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Bipolar disorder is characterised by extreme mood swings. These can range from extreme highs (mania) to extreme lows (depression).
Episodes of mania and depression often last for several weeks or months.
During a period of depression, your symptoms may include:
The manic phase of bipolar disorder may include:
If you have bipolar disorder, you may have episodes of depression more regularly than episodes of mania, or vice versa.
Between episodes of depression and mania, you may sometimes have periods where you have a "normal" mood.
The patterns aren't always the same and some people may experience:
If your mood swings last a long time but aren't severe enough to be classed as bipolar disorder, you may be diagnosed with cyclothymia (a mild form of bipolar disorder).
Bipolar disorder is a condition of extremes. A person with the condition may be unaware they're in the manic phase.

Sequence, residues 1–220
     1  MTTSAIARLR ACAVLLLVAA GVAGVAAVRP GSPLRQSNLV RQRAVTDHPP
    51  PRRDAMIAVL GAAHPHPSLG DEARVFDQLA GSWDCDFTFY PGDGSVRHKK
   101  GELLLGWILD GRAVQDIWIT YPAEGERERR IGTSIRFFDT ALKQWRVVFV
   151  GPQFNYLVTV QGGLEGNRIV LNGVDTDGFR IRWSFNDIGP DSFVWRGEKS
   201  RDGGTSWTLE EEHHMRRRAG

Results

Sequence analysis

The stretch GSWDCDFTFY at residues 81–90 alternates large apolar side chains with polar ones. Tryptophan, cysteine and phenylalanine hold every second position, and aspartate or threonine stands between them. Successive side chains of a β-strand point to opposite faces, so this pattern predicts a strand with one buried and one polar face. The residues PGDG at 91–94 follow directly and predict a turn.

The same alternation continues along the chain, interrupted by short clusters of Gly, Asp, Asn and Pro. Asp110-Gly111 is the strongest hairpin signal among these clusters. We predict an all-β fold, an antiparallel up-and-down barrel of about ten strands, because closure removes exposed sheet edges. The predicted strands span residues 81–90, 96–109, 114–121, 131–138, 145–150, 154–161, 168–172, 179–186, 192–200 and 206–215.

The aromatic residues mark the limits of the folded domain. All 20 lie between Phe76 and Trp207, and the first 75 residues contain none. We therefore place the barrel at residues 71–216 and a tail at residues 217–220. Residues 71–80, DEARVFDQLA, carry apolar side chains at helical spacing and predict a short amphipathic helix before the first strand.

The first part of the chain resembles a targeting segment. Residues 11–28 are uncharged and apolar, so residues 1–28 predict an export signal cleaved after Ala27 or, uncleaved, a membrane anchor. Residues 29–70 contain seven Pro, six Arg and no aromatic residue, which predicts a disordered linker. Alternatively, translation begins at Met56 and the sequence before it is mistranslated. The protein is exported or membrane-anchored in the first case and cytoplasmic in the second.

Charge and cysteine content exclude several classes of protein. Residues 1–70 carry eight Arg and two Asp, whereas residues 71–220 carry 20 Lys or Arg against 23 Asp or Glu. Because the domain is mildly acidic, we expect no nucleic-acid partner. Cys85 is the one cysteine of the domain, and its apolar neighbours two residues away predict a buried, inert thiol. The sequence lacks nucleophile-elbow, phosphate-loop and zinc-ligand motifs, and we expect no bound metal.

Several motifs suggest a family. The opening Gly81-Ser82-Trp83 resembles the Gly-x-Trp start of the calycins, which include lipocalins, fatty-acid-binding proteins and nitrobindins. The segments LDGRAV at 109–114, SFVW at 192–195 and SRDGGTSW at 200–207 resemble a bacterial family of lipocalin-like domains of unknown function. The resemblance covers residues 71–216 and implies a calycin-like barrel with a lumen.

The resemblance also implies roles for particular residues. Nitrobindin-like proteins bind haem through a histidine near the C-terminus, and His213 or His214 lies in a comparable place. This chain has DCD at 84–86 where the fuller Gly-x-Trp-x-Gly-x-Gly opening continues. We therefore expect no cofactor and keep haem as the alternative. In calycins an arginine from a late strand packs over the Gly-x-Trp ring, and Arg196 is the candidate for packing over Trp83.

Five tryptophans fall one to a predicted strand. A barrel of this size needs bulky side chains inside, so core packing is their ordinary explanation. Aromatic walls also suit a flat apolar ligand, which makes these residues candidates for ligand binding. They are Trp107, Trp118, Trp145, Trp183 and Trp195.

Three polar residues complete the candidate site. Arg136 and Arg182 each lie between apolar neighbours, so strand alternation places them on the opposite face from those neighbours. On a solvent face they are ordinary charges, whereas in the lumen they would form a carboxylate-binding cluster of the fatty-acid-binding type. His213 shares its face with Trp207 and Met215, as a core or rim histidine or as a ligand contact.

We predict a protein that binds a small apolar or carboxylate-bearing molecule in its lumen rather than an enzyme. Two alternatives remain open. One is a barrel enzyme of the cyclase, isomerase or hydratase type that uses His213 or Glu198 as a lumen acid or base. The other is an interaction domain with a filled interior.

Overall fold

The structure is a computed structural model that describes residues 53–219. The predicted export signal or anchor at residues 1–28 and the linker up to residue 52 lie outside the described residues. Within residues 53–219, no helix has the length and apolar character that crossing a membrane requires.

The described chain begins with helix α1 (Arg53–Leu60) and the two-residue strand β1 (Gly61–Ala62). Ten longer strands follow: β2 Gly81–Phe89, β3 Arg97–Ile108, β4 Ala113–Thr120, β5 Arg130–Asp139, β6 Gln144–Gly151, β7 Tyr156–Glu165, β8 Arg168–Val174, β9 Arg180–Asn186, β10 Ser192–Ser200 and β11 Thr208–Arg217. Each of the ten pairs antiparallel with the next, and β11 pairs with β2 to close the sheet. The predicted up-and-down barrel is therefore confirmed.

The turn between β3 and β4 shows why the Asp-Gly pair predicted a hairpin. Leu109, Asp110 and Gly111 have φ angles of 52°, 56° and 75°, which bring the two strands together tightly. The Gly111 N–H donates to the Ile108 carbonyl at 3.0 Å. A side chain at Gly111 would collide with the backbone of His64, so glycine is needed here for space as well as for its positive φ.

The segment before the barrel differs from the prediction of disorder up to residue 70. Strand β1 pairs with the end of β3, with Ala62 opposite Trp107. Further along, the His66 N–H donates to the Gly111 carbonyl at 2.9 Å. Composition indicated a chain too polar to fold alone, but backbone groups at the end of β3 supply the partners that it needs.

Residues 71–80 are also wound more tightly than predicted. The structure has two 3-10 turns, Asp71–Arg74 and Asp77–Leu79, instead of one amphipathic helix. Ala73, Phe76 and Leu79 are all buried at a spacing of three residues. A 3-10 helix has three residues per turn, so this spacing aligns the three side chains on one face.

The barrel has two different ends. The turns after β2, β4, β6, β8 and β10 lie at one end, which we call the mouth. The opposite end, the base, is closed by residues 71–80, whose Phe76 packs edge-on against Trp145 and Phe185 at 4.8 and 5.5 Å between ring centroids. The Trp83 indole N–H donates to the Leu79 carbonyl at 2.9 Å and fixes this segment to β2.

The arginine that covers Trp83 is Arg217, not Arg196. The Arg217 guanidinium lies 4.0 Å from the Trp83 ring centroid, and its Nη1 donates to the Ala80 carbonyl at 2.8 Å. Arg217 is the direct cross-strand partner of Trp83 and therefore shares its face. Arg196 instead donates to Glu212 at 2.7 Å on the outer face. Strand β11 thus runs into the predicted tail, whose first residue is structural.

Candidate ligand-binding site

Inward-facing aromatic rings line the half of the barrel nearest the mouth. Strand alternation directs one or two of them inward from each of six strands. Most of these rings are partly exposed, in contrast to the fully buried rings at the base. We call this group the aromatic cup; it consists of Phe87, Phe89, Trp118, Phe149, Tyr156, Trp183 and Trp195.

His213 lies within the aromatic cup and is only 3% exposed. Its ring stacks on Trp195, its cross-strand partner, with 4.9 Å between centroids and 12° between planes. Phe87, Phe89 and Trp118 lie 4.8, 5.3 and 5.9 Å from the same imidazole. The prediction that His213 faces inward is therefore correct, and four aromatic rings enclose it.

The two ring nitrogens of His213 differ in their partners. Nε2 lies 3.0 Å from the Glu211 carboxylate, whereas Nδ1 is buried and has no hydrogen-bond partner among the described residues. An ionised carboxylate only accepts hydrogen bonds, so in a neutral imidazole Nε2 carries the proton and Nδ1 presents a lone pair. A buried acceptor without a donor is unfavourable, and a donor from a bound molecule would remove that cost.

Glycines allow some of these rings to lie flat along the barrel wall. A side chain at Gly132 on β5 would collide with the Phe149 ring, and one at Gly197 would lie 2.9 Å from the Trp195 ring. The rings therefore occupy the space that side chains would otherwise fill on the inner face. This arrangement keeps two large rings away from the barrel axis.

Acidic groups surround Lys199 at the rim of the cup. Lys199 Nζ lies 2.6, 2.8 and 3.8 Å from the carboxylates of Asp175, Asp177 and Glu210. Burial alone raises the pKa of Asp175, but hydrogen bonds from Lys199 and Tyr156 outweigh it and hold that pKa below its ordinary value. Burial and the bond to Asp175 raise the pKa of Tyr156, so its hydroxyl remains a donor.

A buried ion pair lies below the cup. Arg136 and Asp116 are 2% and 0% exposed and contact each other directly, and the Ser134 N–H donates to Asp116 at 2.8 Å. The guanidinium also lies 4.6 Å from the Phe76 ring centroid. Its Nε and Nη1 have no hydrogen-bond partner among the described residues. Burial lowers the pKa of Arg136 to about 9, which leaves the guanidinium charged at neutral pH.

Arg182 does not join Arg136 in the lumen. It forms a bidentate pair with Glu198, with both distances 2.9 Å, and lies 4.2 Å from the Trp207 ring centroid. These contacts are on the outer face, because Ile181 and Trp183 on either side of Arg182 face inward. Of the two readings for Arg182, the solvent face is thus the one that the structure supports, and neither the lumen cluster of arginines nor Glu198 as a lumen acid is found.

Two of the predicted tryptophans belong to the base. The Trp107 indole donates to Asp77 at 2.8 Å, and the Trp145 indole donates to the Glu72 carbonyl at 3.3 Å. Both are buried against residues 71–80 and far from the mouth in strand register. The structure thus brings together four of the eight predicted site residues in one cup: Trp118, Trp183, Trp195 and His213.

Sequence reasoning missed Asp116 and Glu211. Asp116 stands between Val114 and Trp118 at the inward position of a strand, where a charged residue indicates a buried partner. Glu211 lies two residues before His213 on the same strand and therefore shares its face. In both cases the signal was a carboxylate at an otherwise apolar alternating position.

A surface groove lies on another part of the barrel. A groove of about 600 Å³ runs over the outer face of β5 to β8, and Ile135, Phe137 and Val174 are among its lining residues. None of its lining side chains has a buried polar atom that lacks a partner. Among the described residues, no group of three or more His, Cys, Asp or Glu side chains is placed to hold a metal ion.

After the episode is over, they may be shocked at their behaviour. However, at the time, they may believe other people are being negative or unhelpful.
Some people with bipolar disorder have more frequent and severe episodes than others. The extreme nature of the condition means staying in a job may be difficult and relationships may become strained. There's also an increased risk of suicide.
During episodes of mania and depression, someone with bipolar disorder may experience strange sensations, such as seeing, hearing or smelling things that aren't there (hallucinations).
They may also believe things that seem irrational to other people (delusions). These types of symptoms are known as psychosis or a psychotic episode.
Read more about living with bipolar disorder.